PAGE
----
Zanu-PF will win next elections - new survey
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Zimbabwe is set to hold fresh elections later this year to end the uneasy coalition between Mugabe and Tsvangirai which was formed after violent but inconclusive elections in 2008.
And a survey carried out in November last year by the Harare-based Mass Public Opinion Institute (MPOI) has suggested that Mugabe, who has been in power since independence in 1980, would marginally edge the contest.
Revealing the results Tuesday, MPOI researcher, Heather Koga, said Zanu-PF would likely win the Parliamentary elections with 33 percent of the vote against 32 percent for the MDC-T.
"The survey results suggest that the forthcoming parliamentary elections will be a closely fought battle between Zanu-PF (33%) and MDC-T (32%), while support for other political parties candidates such as Mavambo Kusile Dawn and ZAPU approach zero (to the nearest whole number) with the MDC (Ncube) seeming to be maintaining its 1% support level."
Koga said about 30 percent of the 1,200 people interviewed had declined to reveal which parties they would vote for.
MPOI also carried out another opinion survey for the United States-based Freedom House last year which suggested support for the MDC-T had collapsed from 38 percent in 2010 to 20 percent in 2012. By contrast, backing for Zanu-PF was said to have increased to 31 percent from 17 percent, over the same period.
The Freedom House survey also suggested Mugabe would command the support of 31 percent of the presidential vote, compared to 19 percent for Tsvangirai, an alarming prospect for the MDC-T whose popularity stood at a healthy 55 percent no more than four years ago.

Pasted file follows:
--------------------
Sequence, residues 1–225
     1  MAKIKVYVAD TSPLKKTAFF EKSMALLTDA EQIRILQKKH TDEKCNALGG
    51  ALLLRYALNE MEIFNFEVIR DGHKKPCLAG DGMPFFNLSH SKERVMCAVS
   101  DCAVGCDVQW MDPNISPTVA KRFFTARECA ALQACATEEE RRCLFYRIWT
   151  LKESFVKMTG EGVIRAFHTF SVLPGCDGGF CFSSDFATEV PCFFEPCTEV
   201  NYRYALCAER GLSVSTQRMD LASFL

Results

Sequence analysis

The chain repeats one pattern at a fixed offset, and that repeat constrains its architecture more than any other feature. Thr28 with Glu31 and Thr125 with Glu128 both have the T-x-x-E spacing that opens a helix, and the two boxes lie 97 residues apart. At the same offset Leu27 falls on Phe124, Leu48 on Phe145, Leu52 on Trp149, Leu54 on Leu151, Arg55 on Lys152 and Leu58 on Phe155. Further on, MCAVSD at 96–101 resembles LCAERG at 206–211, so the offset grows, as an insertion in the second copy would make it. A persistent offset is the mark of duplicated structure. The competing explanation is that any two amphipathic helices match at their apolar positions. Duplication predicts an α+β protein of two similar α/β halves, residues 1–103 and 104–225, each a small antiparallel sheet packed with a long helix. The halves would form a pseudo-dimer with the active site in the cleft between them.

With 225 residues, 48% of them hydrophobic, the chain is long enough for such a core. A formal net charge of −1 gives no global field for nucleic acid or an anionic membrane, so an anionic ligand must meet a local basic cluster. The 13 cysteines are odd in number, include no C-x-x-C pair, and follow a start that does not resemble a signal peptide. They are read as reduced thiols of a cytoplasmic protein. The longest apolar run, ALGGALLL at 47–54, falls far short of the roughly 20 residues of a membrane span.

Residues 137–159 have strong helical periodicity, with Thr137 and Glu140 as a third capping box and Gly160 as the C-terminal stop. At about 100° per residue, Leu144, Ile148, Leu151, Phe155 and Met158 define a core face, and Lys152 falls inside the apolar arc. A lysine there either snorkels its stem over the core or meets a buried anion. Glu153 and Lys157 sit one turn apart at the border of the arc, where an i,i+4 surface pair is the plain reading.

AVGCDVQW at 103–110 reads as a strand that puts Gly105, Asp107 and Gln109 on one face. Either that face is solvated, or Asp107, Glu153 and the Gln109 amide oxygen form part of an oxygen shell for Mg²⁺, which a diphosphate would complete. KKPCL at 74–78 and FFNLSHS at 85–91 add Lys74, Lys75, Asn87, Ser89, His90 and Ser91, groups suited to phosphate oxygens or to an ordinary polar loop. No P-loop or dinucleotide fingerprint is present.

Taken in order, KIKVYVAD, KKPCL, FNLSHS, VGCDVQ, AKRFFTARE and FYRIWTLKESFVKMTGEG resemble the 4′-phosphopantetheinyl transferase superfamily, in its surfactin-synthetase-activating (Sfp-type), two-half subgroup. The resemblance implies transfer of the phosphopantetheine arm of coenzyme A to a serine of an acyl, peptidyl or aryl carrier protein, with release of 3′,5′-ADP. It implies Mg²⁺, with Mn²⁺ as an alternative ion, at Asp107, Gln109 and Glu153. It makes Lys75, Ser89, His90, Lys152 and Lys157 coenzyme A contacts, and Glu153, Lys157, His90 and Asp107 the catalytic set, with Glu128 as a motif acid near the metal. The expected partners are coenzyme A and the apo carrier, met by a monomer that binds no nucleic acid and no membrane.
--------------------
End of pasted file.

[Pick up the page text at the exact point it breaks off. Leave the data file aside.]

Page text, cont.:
Zanu-PF commentators however, dismissed the survey as an attempt by the MDC-T's Western allies to shock the party out of a perceived complacency with the survey's lead researcher, South African academic Susan Booysen, noting that: "Perhaps they (MDC-T) think they are crown prince that need only wait for Mugabe to go for it to fall in their lap. This is a wake-up call for them that there is no honeymoon."
Tsvangirai said he would take note of the results and institute corrective action.
Koga said the latest survey also showed that most Zimbabweans wanted new elections to end the coalition government.
"68 percent of Zimbabweans of voting age were of the view that the country is ready to hold elections," she said.
"(Those) who said the country is not ready to hold elections by March 2013 suggested that the Inclusive government should continue indefinitely.
"The need to engage international observers (eg from SADC, UN, EU) to ensure free and fair elections in the country was also a major suggestion."
The coalition administration is credited with easing political tensions and ending a decade-long economic crisis but further progress has been hampered by constant bickering and policy differences between the parties.
A constitutional referendum has been set for March 16, with elections expected later in the year although Tsvangirai suggested the polls may be held in July.
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